They made wild promises.  They promised young people great things, like persecution, lower social status, public ridicule, severely limited employment opportunities, frequent fasting, a high risk of jail and torture, and maybe an early violent death at the hands of their pagan rulers.  The Fathers looked young people in the eye and called them to live purely in the midst of a pornographic culture.  They looked at some young men and women and boldly told them they had a calling to virginity.  And it worked.  Even the pagans noticed how well it worked.  The brightest young man in the empire’s brightest city – a teenager named Origen of Alexandria – promised himself to God entirely in virginity.  And, as he watched his father being taken away to be killed, Origen would have gone along himself and turned himself in, if his mother hadn’t hidden all his clothes.

[T]here was an overwhelming Eucharistic faith among the young people of the Church.  Tarsicius was a boy of third century Rome.  His virtue and devotion were so strong that the clergy trusted him to bring the Blessed Sacrament to the sick.  Once, while carrying a pyx, he was recognized and set upon by a pagan mob.  They flung themselves upon him, trying to pry the pyx from his hands.  They wanted more than anything to profane the Sacrament.  Tarsicius’ biographer, the fourth century Pope Damasus, compared them to a pack of rabid dogs.  Tarsicius ‘preferred to give up his life rather than yield up the Body of Christ.’  Even at such an early age, Tarsicius was aware of the stakes.  Jesus had died for love of Tarsicius.  Tarsicius did not hesitate to die for love of Jesus.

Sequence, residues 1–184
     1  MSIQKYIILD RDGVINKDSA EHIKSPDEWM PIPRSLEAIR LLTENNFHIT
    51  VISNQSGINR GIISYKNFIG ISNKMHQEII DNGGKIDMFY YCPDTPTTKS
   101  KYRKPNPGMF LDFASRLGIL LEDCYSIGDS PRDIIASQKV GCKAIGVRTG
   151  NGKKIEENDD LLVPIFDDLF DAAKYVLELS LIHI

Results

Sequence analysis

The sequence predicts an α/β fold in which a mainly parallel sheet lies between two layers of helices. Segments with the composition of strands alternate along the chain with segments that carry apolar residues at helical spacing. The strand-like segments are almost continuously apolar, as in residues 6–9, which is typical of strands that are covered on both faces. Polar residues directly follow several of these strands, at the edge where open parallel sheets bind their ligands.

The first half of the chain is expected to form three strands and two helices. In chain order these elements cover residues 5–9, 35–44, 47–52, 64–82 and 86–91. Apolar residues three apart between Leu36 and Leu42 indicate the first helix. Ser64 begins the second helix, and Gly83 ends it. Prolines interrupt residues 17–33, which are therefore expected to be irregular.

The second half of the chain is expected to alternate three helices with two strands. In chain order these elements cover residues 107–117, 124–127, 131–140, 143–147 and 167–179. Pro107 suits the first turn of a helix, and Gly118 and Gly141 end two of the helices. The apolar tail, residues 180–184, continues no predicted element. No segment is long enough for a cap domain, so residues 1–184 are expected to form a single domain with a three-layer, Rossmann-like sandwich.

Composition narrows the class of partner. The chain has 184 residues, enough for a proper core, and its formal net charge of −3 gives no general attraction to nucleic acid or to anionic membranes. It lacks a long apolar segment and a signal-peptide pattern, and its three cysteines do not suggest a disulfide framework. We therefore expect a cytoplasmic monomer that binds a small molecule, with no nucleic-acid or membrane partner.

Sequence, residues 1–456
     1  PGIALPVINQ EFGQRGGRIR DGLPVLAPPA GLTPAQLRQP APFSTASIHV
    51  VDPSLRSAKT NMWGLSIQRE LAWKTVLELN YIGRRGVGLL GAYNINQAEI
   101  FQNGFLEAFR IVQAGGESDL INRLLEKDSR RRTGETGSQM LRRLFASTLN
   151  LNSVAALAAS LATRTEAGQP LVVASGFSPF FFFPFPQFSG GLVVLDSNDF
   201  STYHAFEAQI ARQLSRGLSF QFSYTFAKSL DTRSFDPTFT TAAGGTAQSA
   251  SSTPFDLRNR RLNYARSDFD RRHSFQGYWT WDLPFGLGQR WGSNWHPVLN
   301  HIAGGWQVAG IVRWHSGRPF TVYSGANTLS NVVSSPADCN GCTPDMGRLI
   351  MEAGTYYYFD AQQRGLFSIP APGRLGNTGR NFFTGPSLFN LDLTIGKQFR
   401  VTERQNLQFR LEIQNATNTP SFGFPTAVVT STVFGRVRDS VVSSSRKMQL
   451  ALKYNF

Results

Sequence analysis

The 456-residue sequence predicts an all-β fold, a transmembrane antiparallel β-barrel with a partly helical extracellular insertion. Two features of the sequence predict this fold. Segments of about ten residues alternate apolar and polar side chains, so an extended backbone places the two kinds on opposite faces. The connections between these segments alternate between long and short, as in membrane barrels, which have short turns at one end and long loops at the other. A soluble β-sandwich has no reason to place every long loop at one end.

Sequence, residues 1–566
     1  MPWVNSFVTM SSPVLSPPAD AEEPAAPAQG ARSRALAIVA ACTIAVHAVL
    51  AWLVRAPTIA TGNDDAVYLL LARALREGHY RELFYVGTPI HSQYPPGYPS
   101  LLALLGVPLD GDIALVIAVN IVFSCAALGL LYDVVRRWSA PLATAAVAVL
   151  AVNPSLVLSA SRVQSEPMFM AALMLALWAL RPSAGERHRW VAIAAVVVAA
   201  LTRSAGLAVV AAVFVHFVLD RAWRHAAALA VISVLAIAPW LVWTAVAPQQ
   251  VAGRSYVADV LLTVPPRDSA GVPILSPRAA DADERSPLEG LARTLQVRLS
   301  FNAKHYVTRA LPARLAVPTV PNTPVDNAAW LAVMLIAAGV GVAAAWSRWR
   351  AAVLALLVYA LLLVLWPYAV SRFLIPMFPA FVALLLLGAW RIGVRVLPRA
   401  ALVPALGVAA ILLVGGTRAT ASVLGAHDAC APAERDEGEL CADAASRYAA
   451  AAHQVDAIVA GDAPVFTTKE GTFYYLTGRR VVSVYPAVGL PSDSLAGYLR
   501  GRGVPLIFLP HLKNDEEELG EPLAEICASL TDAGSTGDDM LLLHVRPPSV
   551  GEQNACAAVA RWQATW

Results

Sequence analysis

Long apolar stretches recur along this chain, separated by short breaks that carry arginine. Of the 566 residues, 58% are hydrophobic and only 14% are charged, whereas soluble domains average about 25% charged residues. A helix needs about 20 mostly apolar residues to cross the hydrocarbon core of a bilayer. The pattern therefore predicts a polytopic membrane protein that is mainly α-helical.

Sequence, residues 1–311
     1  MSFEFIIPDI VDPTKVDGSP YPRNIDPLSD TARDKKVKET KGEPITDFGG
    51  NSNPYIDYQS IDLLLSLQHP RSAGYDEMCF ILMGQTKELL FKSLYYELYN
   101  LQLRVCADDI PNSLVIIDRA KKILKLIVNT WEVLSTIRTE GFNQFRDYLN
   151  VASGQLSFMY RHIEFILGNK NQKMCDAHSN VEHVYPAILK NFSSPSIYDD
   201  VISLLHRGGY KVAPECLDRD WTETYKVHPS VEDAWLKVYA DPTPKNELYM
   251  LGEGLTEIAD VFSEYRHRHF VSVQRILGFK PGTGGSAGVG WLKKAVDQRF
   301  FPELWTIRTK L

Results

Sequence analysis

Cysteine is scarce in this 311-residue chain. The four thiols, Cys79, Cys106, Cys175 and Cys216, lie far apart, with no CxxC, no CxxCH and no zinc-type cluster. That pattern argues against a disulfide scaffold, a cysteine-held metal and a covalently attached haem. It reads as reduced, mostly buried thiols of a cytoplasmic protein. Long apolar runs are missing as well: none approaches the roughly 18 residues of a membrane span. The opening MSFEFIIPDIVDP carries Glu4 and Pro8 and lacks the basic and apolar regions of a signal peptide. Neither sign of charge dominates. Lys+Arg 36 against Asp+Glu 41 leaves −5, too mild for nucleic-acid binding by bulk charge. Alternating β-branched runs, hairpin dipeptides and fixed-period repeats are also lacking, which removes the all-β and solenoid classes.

What made the Church attractive in the third century can make it just as attractive in the twenty-first.  In the ancient world and in ours, young people want a challenge.  They want to love with their whole being.  They’re willing to do things the hard way – if people they respect look them in the eye and make the big demands.  These are the distinguishing marks of youth.  You don’t find too many middle-aged men petitioning the Marines for a long stay at Parris Island.  It’s the young men who beg for that kind of rigor.

 No young man or woman really wants to give his life away cheaply.  Tarsicius knew better.  So do our young people.

And I hope our older people do too.  A parish has many purposes.  But one of its main purposes is to inspire you and me with the love of our Lord so that we will give him our lives.  Giving the Lord our lives means serving his children whom we see around us every day, talking with him daily in our prayers, and receiving his Body and Blood in the Blessed Sacrament for which Tarsicius died and by which all Christians live.

Our parishes are mostly little places.  As with the church in Lyons in 177, we have members from various walks of life, but most of us are not great people as the world judges such things.  But nobody today remembers the great people of second-century Lyons.  We remember two teenagers who burned with the love of Christ and who did not hesitate to die for the sake of that love.